If you haven’t been taught this kind of rhythm and regularity, if you haven’t incorporated it into your very blood and skin and bone, you’re going to have a very hard time getting anything done. Showing up to class on time, or at all? Finishing your homework and handing it in on deadline?

The passivity goes at least as deep, and maybe deeper.  It is the deep seated, almost ineradicable conviction that whatever is going wrong in your life is not your fault, and nothing you can do will ever make it any better.

Both my kids and J.D. Vance’s family exhibited both these traits is extreme forms.

And that’s what brings me to the thing I learned about me.

My father used to have this thing he said, over and over again, in my childhood and adolescence: if something goes wrong, you better hope to hell that it’s your fault. If it’s your fault, you can fix it. If it isn’t, you’re just plain screwed.

I’ve got more reason than most people to accept the inevitability and importance of luck. I know all about circumstances beyond our control. I know that we can’t always overcome obstacles or even affect our circumstances. Neither people, nor life, is perfectible.


I also know that to the extent that I have accomplished anything in my life, it’s been because I have put that knowledge aside and convinced myself that my choices matter, that they make a difference, that they (and not some shadowy something or somebody out there) will determine the outcome.

The Franciscans have a saying: pray as if it all depends on God; work as if it all depends on you.

There’s one true thing.


Written by janeh

May 15th, 2018 at 12:20 pm

Posted in Uncategorized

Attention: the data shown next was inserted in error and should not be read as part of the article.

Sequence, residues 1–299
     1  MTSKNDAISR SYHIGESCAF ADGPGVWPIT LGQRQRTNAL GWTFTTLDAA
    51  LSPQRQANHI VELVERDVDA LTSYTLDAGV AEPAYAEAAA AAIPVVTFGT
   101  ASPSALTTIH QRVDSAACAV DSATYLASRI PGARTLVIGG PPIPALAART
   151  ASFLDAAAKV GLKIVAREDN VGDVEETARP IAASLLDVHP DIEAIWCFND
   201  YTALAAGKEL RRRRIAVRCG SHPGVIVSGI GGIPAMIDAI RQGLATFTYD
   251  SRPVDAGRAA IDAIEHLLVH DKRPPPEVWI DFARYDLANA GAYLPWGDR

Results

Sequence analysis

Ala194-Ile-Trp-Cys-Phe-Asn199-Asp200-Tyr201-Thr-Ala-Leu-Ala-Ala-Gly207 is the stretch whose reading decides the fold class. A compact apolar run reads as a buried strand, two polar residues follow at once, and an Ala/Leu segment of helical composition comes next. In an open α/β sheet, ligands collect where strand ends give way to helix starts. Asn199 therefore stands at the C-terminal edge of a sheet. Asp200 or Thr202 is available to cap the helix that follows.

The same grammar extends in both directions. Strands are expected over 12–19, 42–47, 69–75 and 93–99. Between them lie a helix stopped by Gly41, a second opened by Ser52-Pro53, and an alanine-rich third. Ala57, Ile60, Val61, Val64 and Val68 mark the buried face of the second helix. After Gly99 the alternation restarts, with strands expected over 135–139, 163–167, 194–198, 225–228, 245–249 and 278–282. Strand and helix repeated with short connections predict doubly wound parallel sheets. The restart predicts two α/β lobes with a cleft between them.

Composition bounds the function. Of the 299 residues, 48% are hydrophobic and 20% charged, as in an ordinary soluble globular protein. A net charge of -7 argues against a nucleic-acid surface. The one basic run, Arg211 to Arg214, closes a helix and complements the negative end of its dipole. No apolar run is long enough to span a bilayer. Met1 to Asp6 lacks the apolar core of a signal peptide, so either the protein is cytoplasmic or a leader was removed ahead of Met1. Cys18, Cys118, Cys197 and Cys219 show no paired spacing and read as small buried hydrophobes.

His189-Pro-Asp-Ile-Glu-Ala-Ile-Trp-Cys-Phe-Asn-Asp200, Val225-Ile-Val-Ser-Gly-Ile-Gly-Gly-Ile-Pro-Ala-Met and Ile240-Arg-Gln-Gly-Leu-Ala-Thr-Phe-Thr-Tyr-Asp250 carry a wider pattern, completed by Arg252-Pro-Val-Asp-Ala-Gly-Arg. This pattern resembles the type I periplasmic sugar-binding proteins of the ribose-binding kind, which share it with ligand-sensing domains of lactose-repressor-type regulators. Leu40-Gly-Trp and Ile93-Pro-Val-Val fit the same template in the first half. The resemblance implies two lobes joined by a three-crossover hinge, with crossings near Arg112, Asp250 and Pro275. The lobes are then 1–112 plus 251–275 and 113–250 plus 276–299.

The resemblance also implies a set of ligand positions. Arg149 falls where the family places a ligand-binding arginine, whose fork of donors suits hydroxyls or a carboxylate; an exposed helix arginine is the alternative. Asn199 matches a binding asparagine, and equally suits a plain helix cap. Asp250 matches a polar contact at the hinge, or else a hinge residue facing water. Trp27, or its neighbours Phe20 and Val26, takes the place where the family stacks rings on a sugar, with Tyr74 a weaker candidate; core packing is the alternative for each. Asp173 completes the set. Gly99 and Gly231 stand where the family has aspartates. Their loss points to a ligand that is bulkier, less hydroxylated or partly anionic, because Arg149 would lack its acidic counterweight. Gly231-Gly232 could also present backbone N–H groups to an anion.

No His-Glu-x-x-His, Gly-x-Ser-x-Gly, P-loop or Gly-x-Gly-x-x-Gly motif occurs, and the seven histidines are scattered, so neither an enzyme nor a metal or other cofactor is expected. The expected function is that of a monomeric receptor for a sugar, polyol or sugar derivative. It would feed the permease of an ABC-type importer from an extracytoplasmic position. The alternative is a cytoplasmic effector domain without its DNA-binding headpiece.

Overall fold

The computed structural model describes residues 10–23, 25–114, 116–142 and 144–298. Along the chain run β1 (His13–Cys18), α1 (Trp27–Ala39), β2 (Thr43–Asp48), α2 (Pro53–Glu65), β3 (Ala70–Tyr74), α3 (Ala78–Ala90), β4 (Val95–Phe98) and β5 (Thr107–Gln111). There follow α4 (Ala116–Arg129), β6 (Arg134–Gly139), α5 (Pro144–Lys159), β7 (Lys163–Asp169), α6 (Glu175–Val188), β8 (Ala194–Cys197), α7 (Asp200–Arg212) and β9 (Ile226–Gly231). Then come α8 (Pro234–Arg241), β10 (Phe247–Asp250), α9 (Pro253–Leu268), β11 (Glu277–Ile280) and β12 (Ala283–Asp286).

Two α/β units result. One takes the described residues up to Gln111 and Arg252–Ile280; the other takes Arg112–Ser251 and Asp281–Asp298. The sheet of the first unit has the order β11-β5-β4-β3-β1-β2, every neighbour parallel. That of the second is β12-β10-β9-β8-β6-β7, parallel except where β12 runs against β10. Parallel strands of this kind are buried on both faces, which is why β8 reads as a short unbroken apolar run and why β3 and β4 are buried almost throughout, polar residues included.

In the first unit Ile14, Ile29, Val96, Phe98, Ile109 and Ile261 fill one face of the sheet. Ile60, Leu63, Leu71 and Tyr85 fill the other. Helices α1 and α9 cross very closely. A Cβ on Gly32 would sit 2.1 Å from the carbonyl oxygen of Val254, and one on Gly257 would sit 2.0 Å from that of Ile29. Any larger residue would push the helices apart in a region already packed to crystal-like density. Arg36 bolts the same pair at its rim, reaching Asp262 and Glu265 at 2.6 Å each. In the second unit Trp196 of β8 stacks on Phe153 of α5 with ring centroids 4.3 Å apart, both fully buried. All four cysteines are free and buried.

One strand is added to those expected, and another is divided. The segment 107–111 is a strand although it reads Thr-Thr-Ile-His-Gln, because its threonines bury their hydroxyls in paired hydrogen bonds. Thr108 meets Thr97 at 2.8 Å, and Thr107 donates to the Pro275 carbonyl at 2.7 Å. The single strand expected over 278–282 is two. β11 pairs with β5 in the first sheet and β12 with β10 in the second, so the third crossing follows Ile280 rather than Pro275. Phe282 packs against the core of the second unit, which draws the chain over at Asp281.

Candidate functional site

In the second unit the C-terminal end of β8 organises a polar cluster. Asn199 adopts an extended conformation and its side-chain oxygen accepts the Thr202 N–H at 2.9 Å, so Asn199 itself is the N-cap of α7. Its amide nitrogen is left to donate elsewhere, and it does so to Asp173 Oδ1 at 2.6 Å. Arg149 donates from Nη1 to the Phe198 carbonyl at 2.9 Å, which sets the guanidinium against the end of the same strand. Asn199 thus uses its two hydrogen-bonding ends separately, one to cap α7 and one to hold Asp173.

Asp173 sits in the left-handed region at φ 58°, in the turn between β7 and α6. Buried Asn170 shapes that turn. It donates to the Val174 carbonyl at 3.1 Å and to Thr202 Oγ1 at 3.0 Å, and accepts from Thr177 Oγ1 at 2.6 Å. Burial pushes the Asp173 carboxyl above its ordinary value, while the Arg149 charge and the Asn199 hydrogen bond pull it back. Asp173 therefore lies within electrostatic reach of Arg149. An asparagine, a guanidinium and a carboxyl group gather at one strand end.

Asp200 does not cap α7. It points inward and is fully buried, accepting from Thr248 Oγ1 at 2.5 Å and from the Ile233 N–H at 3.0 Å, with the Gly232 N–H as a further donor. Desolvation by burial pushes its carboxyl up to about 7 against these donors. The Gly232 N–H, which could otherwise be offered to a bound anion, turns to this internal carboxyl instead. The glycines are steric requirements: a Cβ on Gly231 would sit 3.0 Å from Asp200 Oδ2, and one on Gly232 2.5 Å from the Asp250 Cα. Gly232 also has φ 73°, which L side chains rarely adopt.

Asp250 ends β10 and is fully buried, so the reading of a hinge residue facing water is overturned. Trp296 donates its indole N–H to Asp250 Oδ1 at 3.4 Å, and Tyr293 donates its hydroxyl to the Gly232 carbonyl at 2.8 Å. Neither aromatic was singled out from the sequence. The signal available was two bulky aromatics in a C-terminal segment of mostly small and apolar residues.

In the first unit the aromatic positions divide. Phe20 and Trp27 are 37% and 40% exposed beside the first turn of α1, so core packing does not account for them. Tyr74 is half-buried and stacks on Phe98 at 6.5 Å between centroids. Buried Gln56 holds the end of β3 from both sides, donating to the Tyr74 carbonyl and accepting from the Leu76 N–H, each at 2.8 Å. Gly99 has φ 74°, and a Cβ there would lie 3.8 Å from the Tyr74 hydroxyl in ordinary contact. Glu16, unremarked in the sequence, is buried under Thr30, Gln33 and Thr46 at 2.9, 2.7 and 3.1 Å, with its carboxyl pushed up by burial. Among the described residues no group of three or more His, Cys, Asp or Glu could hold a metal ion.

6 Just Desserts

with 2 comments

This is number 6 in a series. If you want to read the whole thing, scroll down until you get to number 1,

There is a sweet little single panel cartoon that gets shared a lot on Facebook.

There is a little dog, maybe a Scottie, walking off through the clouds side by side with the Grim Reaper, complete with scythe.

We see them both from behind.

The dog asks the Grim Reaper, “Was I a good boy?”

And the Grim Reaper says, “No, From what I hear, you were the best.”

I would post a link to this cartoon here, but, of course, as soon a I went looking for it, I couldn’t find it. Maybe somebody has a link and will post it to the comments.

But I’ve been thinking a lot about this cartoon lately, and for a reason that may seem a little odd.

The book I’m reading now is volume 1 of the Modern Library’s edition of Plutarch Lives.

This is a book that was a staple of a classical education for centuries. Thomas Jefferson and James Madison almost certainly read it.

Plutarch was a Roman writer, working in Latin. In this work, he took pairs of famous men, each pair consisting of one Greek and one Roman, who had enough in common to be recognizably related. First he wrote a short biography of each one. Then he wrote an even shorter mini essay comparing the two.

Then he went on to the next pair.

The reason Plutarch reminded me of the dog who was “the best” is this: the idea that there is a life after this one in which our condition is decided by the way we lived on earth is nearly universal.

It’s even true of the most esoteric forms of Buddhism, where the reward for living a good life is obliteration. The result of living a bad one, after all, is to be returned to the endless pain and travail of the circle if rebirth.

And I’m not knowledgeable about Asian religions, but one of my sons is, and he says you find the same thing there. What happens to you after you die is determined by the way you lived when you were alive.

I have a number of rules I try to follow when I think about life, and one of them is this: any idea or practice that is universal or nearly universal in human beings is grounded in something that is also universal or nearly universal in human beings, and must be taken into account.

This is what makes me such a cynic about so many of the causes my friends are passionately attached to. I don’t think that either “affirmative consent” or #metoo is going to change 100,000 years of human sexual evolution. I think slavery is always one distracted moment away from coming back as “normal.”